Courier Fraud Awareness Campaign
City of London Police have a Courier Fraud Awareness Campaign running this week. Norfolk Constabulary are supporting the campaign. Norfolk sits near the top of the table when it comes to recorded courier fraud offences; seventh in England, according to 2021 data (provided by City of London Police).
Despite the numbers of cases reported in Norfolk being high, the amount of financial loss is, thankfully, comparatively low. Suffolk, by way of comparison, had 24 reported cases, with a total loss of £49,013.
Four of the most common ways that courier fraudsters work are
- Bank card expiry: the fraudster will claim to be from the victim's bank and say their card is no longer valid. They ask for the PIN number and then send a 'courier' to collect the card before using it for fraudulent purposes
- Purchasing high end items: the suspects pretend to be police officers and ask the victim to help with an undercover operation by purchasing expensive items like watches, jewellery and gold. Once the item is bought, the victim will hand over to the criminals
- Counterfeit cash/bank investigations: a person claims to be a police officer or banking official and informs the victim that they need to help with a banking corruption investigation. The victim is told to withdraw a large amount of money and the cash is picked up later by a courier to 'check for fingerprints, or to identify counterfeit bank notes'
- Computer takeover: the fraudster telephones the victim, purporting to be from their internet service provider, saying that they have had an issue with their internet connectivity and are due compensation. The victim is persuaded to download a remote access application, giving the fraudsters access to their home computer. The fraudster persuades the victim into thinking that they have been paid too much compensation and the victim then withdraws cash to pay the money back, later collected by a 'courier'.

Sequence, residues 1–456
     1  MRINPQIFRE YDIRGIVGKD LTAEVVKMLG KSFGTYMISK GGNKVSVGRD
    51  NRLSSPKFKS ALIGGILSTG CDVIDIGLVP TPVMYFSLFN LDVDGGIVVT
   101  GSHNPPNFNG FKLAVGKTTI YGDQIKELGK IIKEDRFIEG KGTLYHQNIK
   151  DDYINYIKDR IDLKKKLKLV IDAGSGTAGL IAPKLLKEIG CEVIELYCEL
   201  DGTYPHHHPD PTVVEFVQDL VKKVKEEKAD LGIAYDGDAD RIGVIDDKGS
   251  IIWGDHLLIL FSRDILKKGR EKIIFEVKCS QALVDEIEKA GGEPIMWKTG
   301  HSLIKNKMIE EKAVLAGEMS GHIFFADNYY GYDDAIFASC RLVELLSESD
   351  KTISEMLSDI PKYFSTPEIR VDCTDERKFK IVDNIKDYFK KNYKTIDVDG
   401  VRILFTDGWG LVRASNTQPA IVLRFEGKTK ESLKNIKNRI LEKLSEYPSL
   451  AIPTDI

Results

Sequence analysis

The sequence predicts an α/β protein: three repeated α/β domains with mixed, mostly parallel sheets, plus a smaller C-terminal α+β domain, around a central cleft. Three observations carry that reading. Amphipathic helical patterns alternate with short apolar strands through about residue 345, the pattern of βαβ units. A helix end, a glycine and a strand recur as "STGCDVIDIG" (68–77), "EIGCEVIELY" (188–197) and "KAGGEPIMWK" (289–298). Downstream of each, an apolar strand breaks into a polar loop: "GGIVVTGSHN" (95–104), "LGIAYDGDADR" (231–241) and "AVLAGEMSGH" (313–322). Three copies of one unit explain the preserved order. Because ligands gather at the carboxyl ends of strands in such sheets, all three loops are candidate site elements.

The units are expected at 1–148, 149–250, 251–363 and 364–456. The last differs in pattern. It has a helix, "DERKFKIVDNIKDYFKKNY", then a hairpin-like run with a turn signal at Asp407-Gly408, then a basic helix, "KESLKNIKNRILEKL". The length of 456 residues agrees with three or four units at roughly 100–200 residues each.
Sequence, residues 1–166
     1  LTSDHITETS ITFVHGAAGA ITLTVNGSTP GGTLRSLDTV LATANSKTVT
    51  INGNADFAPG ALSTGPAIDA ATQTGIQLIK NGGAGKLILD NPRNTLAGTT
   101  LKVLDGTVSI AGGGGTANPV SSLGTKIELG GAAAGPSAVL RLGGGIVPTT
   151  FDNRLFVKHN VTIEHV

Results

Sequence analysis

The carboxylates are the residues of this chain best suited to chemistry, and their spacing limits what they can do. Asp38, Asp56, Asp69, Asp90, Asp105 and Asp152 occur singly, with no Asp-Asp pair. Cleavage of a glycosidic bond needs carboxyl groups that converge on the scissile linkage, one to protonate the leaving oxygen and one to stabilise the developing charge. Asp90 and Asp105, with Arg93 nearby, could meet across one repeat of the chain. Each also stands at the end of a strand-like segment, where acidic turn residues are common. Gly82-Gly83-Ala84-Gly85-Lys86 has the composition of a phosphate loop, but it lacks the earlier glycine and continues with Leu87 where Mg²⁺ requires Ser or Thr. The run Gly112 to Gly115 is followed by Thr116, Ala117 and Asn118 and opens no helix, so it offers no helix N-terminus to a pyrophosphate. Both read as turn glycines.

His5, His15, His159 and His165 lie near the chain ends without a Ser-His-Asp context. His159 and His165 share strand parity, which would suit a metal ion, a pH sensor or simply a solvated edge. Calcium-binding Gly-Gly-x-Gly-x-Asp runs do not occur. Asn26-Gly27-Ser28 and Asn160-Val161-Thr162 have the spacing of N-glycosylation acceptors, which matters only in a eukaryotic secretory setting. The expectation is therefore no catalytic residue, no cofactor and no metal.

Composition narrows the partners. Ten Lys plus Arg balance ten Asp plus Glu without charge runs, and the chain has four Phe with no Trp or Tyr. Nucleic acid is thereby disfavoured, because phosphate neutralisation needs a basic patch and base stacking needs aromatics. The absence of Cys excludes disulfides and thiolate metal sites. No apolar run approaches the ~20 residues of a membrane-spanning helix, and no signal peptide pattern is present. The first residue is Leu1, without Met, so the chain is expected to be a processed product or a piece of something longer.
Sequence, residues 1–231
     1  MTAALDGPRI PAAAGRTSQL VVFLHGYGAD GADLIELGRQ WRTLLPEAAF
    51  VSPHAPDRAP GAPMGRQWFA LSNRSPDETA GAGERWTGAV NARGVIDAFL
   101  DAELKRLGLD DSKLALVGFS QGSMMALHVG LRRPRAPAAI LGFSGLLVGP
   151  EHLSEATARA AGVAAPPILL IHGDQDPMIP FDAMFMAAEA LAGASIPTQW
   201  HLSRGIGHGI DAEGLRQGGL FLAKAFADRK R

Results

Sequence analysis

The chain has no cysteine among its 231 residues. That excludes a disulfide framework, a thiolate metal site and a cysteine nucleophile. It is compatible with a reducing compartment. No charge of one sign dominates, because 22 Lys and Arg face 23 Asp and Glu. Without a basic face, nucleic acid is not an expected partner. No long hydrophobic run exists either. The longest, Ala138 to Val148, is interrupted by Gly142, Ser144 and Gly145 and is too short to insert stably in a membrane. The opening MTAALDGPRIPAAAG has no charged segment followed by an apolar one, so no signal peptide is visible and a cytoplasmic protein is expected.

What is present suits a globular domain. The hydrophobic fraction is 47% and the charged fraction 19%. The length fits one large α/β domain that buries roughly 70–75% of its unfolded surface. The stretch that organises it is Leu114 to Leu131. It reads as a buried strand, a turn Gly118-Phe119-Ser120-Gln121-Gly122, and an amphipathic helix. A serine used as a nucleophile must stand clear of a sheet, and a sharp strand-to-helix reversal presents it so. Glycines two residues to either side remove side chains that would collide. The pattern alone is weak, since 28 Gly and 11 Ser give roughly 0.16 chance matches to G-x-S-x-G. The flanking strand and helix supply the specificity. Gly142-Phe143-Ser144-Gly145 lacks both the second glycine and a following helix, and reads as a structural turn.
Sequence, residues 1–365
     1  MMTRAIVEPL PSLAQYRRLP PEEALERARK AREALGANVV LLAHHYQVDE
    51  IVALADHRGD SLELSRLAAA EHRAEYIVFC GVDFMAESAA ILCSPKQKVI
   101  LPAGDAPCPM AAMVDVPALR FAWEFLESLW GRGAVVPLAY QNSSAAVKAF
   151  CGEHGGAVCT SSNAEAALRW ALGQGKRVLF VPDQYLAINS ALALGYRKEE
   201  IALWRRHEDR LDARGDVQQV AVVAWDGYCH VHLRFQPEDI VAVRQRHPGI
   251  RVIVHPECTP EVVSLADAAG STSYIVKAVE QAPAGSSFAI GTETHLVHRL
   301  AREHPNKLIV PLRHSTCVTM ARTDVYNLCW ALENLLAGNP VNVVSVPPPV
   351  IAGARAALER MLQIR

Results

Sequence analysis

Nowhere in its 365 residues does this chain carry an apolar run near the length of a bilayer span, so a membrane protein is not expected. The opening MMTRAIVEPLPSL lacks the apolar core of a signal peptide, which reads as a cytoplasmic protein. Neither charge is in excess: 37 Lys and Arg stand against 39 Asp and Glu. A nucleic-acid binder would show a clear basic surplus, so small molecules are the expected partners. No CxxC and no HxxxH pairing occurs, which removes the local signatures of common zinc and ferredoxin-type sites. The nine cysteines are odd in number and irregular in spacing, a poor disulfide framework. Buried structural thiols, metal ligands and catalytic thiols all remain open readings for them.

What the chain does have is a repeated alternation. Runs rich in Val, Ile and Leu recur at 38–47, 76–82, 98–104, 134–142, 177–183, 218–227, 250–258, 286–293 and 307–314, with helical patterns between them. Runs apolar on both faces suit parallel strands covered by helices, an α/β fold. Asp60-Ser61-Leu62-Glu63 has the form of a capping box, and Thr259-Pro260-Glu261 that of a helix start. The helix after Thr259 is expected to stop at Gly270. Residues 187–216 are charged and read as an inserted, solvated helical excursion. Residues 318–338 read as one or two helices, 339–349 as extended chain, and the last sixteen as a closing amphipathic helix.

City of London Police urge anyone who is contacted by someone they do not know, or cannot verify the identity of, to follow the following advice:
STOP take a moment to stop and think before parting with your money or information
CHALLENGE could it be fake? It's OK to reject, refuse or ignore any requests. Only criminals will try to rush or panic you
PROTECT if you think you've been a victim of fraud, contact your bank immediately and report it to Action Fraud online or by calling 0300 123 2040
To highlight how prevalent this crime is, two cases of courier fraud have been reported today (18 May) in Norfolk. Scammers pretending to be police officers stole nearly £2,000 from elderly victims.